Friday, 27 September 2013

Porn And Why I Can't Keep Quiet.

There's a subtle, but taboo, mist that hovers over our society.

Young boys begin to be blinded by the mist as young as eight years old.

Married men stumble and lose their footing.

But it's all unseen.  This secretive mist penetrates through middle class 'new builds', council flats and expensive mansions.  Seeping into the minds and hearts of Doctors, Teachers, Shop Assistants, Cleaners and even Church Leaders, it is not picky about who it captures or even how it enfolds them in its grip.

Some who have seen the mist perceive it as harmless fun, misunderstanding the depths of captivity it can bring.  

Harmless, however, it is not.  And the heavy weight of the mist brings guilt to men, pain to women and devastation to marriages that can't be spoken about.  

It's time pornography wasn't a secret anymore.  It's time the light was shone into the dirty, dark corners where the mist lurks, exposing it for what it really is.

Those affected need help, not judgement, and young boys need to be protected and taught of the dangers before it is too late.

I can't keep quiet anymore.  I've seen too much unnecessary pain caused.  

It's time to stop the taboo and allow people to be real.

Monday, 23 September 2013

No Man Is An Island

We all nod enthusiastically when we hear John Donne's famous words that 'no man is an island', but sometimes wouldn't we quite like to be?

Sometimes, hiding away from the rest of the world is a very tempting opportunity.  Not having to think of anyone's needs but our own, locking the door and fielding the phone calls, we shut ourselves away on our very own blissfully selfish desert island.

But islands can't stay self-sufficient for long and all the resources are used up quickly.

Such was my experience this weekend with a husband away and a nasty illness to contend with.

Locking the door to the world, I wanted to cope on my own.  I didn't want anyone to enter my house wondering if we had been burgled whilst I was lying on the sofa (I'm not joking, the mess really was that bad) and I certainly didn't want to reveal any cracks in my 'I can cope' shiny armour.  I couldn't bear the thought of 'burdening others' when they were already busy.  So, I retreated to my island, not alone but with my three boys.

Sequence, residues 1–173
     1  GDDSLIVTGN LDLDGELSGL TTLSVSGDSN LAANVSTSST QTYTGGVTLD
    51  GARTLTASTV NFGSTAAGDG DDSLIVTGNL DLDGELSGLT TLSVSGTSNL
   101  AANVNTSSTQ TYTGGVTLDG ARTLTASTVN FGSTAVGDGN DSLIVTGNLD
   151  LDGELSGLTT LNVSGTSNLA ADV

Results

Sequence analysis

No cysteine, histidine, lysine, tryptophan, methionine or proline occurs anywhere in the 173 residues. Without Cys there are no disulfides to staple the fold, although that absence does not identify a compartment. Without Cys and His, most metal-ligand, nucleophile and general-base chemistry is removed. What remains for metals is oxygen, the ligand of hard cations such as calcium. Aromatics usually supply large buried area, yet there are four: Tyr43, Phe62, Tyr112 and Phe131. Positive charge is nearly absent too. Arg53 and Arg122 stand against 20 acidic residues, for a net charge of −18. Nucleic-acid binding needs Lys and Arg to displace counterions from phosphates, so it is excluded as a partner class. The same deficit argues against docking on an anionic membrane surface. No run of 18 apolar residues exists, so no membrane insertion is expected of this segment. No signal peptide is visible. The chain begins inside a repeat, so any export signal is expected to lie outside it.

It turned out that my reserves were drained rather too quickly for my liking and by Saturday morning, I could not move from my sofa.  In floods of tears, I admitted my weakness (gone was the fake 'coping' sheen) and asked for help.

That day, no less than seven friends came to my aid in differing ways - bringing tablets, taking my boys out or dropping them off at birthday parties, bringing food, sorting my piles of laundry and tidying my non-burgled house.  Each time they arrived I was aware that, despite the fact that I was still in my pyjamas with unwashed hair, they were coming because they loved me. 

Humbled, I remembered another wise saying in an old books called Proverbs:

"A friend loves at all times and a brother is born for adversity."

My friends love me all the time - even when I am still in my pyjamas and my house is a tip and my boys are bored and wrestling on the floor.  And my family are there for hard times.  Friends and family aren't just there to make us feel good, like the uplifting background music on X factor, they are there for our support and our good - warts and all.

We're not meant to be on our own.  We're not created to be an island.  We need each other, and we need to accept help from our friends even when it doesn't make us look good.  We need to take off a piece or two of that shiny armour that is so hard to walk in sometimes so that our friends can love us at all times - even the parts that we would rather they didn't see.  Vulnerability replaces self-sufficiency.

I'm grateful that my friends and family built me a raft this weekend so I could escape my lonely island.   Thank you, friends, for loving me at all times.

Friday, 13 September 2013

Fish scales

Anyone else have strange conversations like this?

Me: 'How do you feel about school now compared to the day before you started?'
Max: 'On a scale of?'
Me: 'One to ten.'
Max: 'No, I mean a fish.'
Me: 'What?'
Max: 'Tunafish is the best, cod is in the middle and salmon is the worst.'
Me: (beginning to catch on to the Max logic): 'Ok, which fish do you feel now?'
Max: 'Cod.'
Me: 'And which fish did you feel before you started?'
Max: 'Salmon.'
Me: 'And what would make it tuna fish?'
Max:'If Mrs #*#€¥ was sacked.'

I do love my boy and am so proud of him for tackling his first week in his new school without 1. losing anything and 2. losing himself.